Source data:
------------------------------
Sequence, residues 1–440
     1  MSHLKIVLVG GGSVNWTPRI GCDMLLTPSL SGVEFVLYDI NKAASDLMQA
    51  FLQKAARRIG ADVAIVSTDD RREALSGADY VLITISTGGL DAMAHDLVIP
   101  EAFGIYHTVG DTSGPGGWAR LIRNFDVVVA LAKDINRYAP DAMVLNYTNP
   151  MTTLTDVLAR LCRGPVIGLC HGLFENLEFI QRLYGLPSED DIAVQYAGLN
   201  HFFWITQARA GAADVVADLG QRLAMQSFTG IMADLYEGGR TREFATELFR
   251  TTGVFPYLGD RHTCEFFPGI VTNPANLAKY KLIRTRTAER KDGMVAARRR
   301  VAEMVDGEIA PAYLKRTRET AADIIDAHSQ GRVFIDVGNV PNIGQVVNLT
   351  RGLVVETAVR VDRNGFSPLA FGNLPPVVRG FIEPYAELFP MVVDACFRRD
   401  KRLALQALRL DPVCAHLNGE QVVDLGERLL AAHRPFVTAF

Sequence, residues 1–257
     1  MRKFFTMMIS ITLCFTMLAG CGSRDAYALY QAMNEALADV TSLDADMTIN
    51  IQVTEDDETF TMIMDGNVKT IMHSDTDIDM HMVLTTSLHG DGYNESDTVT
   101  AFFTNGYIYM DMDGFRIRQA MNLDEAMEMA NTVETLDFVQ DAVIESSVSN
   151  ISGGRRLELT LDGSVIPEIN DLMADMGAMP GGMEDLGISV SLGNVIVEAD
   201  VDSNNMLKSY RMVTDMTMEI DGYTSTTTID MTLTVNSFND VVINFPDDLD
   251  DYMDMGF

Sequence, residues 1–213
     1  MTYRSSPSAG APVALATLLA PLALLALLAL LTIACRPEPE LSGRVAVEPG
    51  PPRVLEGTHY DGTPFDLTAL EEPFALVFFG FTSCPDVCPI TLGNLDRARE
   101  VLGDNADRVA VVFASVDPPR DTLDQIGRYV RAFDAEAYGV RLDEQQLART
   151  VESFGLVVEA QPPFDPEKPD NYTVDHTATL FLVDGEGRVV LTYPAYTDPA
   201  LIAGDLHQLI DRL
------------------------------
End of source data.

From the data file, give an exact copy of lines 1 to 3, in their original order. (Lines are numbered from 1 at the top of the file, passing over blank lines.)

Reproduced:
Sequence, residues 1–440
     1  MSHLKIVLVG GGSVNWTPRI GCDMLLTPSL SGVEFVLYDI NKAASDLMQA
    51  FLQKAARRIG ADVAIVSTDD RREALSGADY VLITISTGGL DAMAHDLVIP